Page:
Each year, 7-10% of Americans are victims of identity fraud. As more and more people begin to spend more time working from home, the Federal Trade Commission warns that more cybercriminals have begun targeting personally identifiable information (PII) is order to perform account takeover fraud.
Personally Identifiable Information is a hot commodity on the dark web. This information can be taken without you suspecting it and it can be used for nefarious purposes such as access to your online bank accounts and unwanted payments.
Some of the more creative ways that scammers are using include QR codes and Near Field Technology.
Quick Response Codes
QR codes are just two-dimensional barcodes like what your cashier uses at the end of the grocery line. The only difference between QR codes and the barcodes that grocery stores has been using since the 70s is that QR codes are very small and can be read by a variety of machines including your cellphone.
In China, where many former blue collar workers skipped straight over the debit card revolution, QR payments are the second most common form of payment after cash.
What’s the Scam?
Like any financial technology, this is a tool that can be used for good as well as evil. QR codes can be used to commit account takeover fraud or simple wire fraud because most codes look the same to human eyes. This means that there is no easy way to distinguish between a code that somebody shows you at the end of the grocery line and one a scammer approaches you with in a parking lot late at night.
In 2018, this is exactly what happened in the Netherlands, when a group of scammers began using social engineering to trick trusting strangers at parking lots into exchanging €5 in cash for “a quick scan of this QR code.”
Next thing the victims knew, the scammers had emptied out their bank accounts.
The reason why these codes have so much potential for abuse is because it is a relatively simple matter to tape your own code on top of an existing one and seize personal information.
How Can You Protect Yourself
As with any scam, you should alert your bank the moment you suspect foul play. You also should not scan codes in situations that seem out of the ordinary. The most important thing is to stay informed and be aware that yes, it is possible to use these codes to route you into paying somebody for something you didn’t buy or giving them a hold on an online account.
Near Field Technology
NFC technology is what allows you to pay for a meal at a restaurant by bringing your phone close to the waiter’s scanner. This technology is emerging and tightly controlled in most countries, but it is easy to see the potential for chaos that it brings.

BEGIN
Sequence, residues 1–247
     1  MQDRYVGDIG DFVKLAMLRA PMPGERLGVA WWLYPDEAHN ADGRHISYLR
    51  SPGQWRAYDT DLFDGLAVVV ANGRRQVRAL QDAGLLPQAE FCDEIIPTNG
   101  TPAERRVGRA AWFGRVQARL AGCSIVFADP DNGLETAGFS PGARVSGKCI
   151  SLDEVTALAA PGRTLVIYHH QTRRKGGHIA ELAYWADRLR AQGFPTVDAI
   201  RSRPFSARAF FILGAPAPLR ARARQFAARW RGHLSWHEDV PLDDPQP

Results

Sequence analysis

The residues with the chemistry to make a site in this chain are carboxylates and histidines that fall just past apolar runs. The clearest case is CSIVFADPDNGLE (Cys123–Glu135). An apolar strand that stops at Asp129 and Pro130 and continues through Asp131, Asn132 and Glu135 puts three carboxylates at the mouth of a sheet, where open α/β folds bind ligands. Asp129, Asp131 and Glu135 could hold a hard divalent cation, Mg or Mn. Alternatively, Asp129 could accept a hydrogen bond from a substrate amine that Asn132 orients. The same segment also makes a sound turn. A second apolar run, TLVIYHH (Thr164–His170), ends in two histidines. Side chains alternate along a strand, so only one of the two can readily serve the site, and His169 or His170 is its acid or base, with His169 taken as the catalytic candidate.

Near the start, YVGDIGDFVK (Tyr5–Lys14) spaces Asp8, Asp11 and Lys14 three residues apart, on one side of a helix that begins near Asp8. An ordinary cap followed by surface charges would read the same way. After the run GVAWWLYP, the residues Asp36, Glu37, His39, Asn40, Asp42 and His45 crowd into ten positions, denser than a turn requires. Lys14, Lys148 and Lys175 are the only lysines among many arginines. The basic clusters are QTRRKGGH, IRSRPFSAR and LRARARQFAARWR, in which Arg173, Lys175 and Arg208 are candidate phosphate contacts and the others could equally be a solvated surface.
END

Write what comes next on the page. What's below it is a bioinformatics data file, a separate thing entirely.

According to Deutsche Bundesbank, a majority of payment cards from international providers are moving toward including this technology in all their debit cards.
The tightest controls that prevent scammers from abusing this technology are legal.
- European law requires NFT payments to go to business entities. This means that a fraudster would have to create one to access NFT payments.
- The limit on how much can be paid through NFT payments is €20. This minimizes the damage a scammer can do if he gets his/her hands on your information.
What’s the Scam?
It is a very minimal but very easy form of wire fraud. All the scammer has to do is bring his/her reader within four centimeters of your scanner.
The real problem is when you consider that this reach has been expanding every year. Amplifying near field technology is also possible. Researchers claimed they could extend communication between emitter and receiver to 80 cm.
Neither QR nor NFT scams are commonplace yet, but both have potential to become major problems in the future. Along with digital fintech trends like cryptocurrencies, Venmo, and Apple Pay, there are many chinks in what used to be a solid suit of armor.
There are many ways for scammers to steal your personal information and even more ways for the scammer to turn that data into money in the bank. The best things you can do to protect yourself is remain informed, report any suspicious activity on your cards immediately, and refrain from accessing sensitive data on public wifi.
Michael Zhou is a Senior VP of Business Intelligence Development and has assisted the Fortune 1000 company with expertise in the web as a whole, including ground-zero marketing efforts that benefit both consumer and vendor. He is also contributor on Esprittoday.